French Language Blog

Setting The Stage – Internships In France Posted by on Oct 5, 2016 in Culture

During mon dernier semestre (my last semester) at school I had to split my time between mon mémoire et mon stage (my thesis and my internship), but at least in France you’re guaranteed to earn some money during le stage. There’s a law requiring un salaire minimum (a minimum wage) for les stagiaires (interns)!

"New Office" by Phil Whitehouse on Flickr. Licensed under CC BY 2.0.

New Office” by Phil Whitehouse on Flickr. Licensed under CC BY 2.0.

Faire un stage (doing an internship) is an essential part of many degrees. It’s a way to apply your studies in the real world, while still having time to learn. While there is un stéréotype of les stagiaires doing nothing but cleaning and preparing du café, les stages are often very useful for getting practical experience in a field.

In France, you can sometimes choose between un diplôme professionnel (a professional degree) and un diplôme recherche (a research degree). One of the differences being un diplôme professionnel includes un stage.

I chose un diplôme professionnel, so I needed to find un stage in order to finish mon diplôme. Unfortunately, finding un stage can be just as hard as finding a job.

After looking over des offres de stage (some internship opportunities), I chose one with une entreprise américaine (an American company). It was an interesting opportunity, but mon patron (my boss) was not very familiar with France or and could not speak French.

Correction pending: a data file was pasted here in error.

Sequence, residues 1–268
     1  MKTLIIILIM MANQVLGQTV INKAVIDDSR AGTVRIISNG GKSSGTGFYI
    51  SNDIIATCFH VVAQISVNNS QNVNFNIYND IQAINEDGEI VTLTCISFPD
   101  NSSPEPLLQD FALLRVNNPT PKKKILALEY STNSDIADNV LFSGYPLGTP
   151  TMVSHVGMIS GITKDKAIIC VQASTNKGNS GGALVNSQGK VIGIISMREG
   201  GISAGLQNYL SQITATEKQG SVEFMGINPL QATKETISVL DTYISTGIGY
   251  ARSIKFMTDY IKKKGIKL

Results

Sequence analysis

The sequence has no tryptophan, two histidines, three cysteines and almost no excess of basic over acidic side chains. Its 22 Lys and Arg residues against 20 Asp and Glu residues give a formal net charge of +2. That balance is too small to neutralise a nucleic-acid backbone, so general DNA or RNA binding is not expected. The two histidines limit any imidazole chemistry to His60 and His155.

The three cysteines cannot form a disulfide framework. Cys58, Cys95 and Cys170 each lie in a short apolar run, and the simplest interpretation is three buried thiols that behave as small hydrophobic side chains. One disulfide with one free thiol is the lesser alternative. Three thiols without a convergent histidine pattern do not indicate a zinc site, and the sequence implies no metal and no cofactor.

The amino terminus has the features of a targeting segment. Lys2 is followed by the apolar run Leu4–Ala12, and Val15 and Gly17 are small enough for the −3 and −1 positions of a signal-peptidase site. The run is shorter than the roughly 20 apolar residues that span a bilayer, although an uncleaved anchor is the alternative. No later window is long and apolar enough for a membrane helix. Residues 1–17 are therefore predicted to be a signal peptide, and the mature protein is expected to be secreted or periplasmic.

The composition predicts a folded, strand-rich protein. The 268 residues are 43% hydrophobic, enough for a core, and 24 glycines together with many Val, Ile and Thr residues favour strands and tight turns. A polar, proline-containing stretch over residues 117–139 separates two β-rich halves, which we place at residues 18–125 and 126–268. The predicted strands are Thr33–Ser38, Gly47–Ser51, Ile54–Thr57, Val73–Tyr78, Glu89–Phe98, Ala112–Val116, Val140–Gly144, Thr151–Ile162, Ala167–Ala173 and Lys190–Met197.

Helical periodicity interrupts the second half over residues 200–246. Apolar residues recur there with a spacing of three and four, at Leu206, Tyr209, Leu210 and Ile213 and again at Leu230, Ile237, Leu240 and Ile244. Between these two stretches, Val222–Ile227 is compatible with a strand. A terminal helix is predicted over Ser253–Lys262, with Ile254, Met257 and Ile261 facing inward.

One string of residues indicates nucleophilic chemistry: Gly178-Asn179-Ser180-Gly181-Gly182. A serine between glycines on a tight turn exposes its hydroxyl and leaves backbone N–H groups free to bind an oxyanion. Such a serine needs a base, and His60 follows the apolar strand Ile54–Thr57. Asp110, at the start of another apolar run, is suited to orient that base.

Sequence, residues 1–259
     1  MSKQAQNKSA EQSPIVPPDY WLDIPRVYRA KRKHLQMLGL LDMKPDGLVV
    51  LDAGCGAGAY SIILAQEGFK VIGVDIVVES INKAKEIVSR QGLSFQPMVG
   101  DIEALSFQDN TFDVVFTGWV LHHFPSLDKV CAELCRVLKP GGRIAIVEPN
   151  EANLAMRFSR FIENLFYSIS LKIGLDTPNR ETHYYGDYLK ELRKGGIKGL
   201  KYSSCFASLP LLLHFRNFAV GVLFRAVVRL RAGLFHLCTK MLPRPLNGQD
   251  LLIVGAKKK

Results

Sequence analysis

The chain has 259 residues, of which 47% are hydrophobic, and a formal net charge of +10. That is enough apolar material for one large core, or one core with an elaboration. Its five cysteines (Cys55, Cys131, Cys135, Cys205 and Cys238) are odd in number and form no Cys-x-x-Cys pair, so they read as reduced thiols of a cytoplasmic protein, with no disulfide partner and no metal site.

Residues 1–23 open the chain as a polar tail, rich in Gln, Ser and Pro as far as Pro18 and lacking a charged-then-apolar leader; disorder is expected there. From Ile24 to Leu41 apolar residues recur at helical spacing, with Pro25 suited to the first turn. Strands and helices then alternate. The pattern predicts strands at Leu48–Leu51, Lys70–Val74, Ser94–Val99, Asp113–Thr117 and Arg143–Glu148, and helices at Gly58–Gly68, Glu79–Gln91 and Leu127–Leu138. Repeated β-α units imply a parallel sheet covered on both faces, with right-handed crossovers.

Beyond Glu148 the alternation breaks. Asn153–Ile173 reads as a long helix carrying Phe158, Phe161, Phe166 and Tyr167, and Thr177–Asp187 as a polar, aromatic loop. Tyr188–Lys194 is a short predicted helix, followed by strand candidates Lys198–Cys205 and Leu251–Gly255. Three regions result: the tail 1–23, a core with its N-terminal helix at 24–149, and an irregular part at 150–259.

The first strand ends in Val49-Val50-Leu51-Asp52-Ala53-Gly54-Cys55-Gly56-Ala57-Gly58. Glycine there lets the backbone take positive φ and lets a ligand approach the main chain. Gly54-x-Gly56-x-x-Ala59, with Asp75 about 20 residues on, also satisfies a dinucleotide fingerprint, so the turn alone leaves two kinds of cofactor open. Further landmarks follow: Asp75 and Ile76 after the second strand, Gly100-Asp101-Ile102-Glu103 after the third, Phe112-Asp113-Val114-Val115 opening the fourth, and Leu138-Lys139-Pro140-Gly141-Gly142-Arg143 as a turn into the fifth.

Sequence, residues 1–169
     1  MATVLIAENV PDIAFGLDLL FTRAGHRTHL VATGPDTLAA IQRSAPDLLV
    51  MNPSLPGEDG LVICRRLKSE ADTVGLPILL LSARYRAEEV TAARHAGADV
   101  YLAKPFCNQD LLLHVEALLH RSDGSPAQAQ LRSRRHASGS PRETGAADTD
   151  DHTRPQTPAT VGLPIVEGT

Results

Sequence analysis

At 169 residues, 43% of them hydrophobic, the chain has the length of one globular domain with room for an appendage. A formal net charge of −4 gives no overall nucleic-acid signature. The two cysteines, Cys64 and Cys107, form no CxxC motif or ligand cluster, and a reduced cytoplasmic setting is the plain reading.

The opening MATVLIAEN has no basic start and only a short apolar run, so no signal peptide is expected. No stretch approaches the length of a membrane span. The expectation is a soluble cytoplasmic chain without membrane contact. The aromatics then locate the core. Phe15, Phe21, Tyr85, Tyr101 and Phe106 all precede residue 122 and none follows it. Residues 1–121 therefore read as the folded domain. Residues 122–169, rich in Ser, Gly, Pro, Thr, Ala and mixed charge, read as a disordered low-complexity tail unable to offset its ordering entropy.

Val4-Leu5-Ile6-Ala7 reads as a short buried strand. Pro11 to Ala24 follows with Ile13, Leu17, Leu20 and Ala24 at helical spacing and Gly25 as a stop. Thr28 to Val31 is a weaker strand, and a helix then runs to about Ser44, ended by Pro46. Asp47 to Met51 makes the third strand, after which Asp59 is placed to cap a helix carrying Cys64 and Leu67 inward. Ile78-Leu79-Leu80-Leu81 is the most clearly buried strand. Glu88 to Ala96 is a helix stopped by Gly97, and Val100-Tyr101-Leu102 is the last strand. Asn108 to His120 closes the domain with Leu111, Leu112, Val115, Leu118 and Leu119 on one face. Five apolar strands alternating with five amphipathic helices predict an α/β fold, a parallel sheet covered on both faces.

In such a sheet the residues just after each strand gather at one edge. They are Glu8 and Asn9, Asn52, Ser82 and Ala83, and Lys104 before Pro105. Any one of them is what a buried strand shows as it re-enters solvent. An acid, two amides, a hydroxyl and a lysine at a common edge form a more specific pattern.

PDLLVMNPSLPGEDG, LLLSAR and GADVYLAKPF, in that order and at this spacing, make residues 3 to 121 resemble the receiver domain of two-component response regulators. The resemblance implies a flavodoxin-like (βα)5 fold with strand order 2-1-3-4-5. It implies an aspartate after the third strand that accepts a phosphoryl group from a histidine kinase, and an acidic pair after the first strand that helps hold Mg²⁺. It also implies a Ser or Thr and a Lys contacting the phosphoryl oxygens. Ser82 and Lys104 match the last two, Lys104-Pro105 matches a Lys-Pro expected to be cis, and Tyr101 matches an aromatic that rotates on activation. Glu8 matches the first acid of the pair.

I explained everything that mon université française (my French university) needed, but between figuring out l’assurance and making sure I had all the right documents for la convention de stage (internship contract), the amount of paperwork needed to faire un stage en France can be intimidating.

En fin de compte (in the end), everything worked out and I passed!

I also ended up learning a bit more about how le système d’éducation français can be confusing for une entreprise américaine!

Keep learning French with us!

Build vocabulary, practice pronunciation, and more with Transparent Language Online. Available anytime, anywhere, on any device.

Try it Free Find it at your Library
Share this:
Pin it

About the Author: John Bauer

John Bauer is an enthusiast for all things language and travel. He currently lives in France where he's doing his Master's. John came to France four years ago knowing nothing about the language or the country, but through all the mistakes over the years, he's started figuring things out.